An index tracking private middle market companies has foreshadowed a slowdown in revenue and earnings of larger public companies in the third quarter of 2015.
“We expect to see the theme of slower growth play out this earnings season,” said Edward Altman, the Max L. Heine Professor of Finance, Emeritus at the NYU Stern School of Business.
“Middle market companies have historically outperformed their larger public peers, so we anticipate relatively low year-over-year revenue and especially EBITDA growth from S&P component companies in the third quarter,” said Altman.
Altman collaborated with Golub Capital on the Golub Capital Altman Index, which was featured today in the second edition of the quarterly Golub Capital Middle Market Report, which includes an analysis of the index. The index is based on the sales and earnings data of roughly 150 private U.S. companies in Golub Capital’s loan portfolio.
The index showed revenue of privately held middle market companies increased 7.95% year-over-year in the first two months of the third quarter of 2015, compared to 9.26% in the first two months of the second quarter of 2015.
EBITDA rose by 3.95% in the third quarter, compared to an increase of 6.93% year-over-year during the first two months of the second quarter of 2015.
Still, the index shows that private middle market companies remain a resilient driver of economic growth, said Lawrence Golub, Golub Capital’s CEO.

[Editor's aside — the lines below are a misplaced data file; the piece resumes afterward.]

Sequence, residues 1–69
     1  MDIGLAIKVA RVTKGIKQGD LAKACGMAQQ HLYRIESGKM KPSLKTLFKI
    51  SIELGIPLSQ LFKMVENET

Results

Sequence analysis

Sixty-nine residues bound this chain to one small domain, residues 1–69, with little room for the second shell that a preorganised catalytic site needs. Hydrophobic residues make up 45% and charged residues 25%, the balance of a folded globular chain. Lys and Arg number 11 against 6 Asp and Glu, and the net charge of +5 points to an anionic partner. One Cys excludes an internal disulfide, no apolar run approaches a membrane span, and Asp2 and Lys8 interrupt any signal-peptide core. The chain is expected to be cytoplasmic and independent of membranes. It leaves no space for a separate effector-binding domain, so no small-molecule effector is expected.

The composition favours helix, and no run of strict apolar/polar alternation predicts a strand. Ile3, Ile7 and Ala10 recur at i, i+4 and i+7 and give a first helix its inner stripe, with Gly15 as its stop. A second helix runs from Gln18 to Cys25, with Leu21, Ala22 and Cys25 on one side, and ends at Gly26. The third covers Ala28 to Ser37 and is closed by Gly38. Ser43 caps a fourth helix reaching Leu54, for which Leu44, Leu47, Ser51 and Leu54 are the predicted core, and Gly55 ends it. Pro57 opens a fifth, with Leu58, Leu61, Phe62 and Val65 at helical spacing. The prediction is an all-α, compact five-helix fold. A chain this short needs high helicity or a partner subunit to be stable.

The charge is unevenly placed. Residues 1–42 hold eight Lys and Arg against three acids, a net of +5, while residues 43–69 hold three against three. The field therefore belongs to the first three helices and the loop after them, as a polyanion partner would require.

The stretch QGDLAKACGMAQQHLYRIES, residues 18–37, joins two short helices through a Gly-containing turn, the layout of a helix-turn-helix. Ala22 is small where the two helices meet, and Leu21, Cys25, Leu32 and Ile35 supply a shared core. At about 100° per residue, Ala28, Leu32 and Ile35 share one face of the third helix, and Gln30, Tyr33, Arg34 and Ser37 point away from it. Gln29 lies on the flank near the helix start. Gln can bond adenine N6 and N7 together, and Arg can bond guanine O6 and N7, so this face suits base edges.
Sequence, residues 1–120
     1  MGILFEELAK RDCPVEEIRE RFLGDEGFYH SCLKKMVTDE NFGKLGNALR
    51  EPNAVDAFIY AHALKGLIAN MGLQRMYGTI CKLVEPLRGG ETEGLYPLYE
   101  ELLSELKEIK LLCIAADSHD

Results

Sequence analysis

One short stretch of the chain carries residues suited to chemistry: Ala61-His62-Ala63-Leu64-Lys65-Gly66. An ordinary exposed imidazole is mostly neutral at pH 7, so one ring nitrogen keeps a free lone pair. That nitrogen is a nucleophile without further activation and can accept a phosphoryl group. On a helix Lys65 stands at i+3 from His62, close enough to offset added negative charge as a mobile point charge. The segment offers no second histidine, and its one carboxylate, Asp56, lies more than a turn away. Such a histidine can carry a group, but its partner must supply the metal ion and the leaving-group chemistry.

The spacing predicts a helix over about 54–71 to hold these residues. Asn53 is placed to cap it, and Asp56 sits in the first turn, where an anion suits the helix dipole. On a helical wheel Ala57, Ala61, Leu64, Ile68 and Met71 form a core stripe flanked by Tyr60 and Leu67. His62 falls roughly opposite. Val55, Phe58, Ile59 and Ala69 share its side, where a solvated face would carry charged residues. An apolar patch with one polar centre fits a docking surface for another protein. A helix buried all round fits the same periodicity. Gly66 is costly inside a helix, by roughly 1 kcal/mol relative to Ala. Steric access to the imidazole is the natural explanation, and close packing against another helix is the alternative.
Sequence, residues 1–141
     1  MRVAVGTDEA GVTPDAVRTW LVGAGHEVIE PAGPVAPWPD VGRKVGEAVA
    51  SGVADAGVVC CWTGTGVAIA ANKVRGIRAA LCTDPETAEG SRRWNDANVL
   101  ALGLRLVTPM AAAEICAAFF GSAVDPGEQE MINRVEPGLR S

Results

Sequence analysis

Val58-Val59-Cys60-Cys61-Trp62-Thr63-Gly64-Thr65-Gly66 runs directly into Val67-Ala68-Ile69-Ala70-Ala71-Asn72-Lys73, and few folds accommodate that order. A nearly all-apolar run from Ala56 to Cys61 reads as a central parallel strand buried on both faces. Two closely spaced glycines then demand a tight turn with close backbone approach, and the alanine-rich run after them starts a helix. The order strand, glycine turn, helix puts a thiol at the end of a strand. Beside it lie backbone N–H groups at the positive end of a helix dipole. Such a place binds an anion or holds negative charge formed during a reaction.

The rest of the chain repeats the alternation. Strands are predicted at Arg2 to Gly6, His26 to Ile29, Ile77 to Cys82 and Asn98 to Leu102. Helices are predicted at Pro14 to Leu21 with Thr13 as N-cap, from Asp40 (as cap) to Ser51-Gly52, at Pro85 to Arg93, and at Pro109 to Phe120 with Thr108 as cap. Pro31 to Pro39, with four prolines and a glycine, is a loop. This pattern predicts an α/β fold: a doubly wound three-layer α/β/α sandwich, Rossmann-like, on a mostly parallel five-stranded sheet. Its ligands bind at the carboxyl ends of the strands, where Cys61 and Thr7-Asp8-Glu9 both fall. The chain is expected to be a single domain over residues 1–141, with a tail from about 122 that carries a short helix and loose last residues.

“While revenues and earnings in the period grew at a healthy pace, margins continued to be pressured by such factors as rising labor costs and the strength of the U.S. dollar, which is impacting the pricing power of U.S. firms with international competitors,” Golub said.
The index showed an 8.84% increase in revenue and a 9.88% increase in earnings for the healthcare sector. This was probably due to the Affordable Care Act, which increased access to health care services, the report said.
Revenue of private middle market industrial companies fell 0.68% year-on-year in the third quarter, and earnings of industrial companies fell 1.62%.
Revenue of private middle market information technology companies rose 6.65%, but earnings slumped 3.62%.
“The information technology sector saw negative profit growth, reflecting, we believe, greater investment in product development,” said Golub.
The index contains limited exposure to the financials, utilities, energy, and materials sectors. Thus, calculations are made for the public indexes both including and excluding these sectors.
The index “is the first and only index based on actual sales and earnings data for middle market companies,” the report said.
“The index has served as a reliable indicator of the overall growth rates in revenue and earnings of public companies in market indexes such as the S&P 500 and S&P SmallCap 600, as well as quarterly GDP, according to statistical backtesting dating back to 2012, when data began to be tracked,” the report said. — Abby Latour
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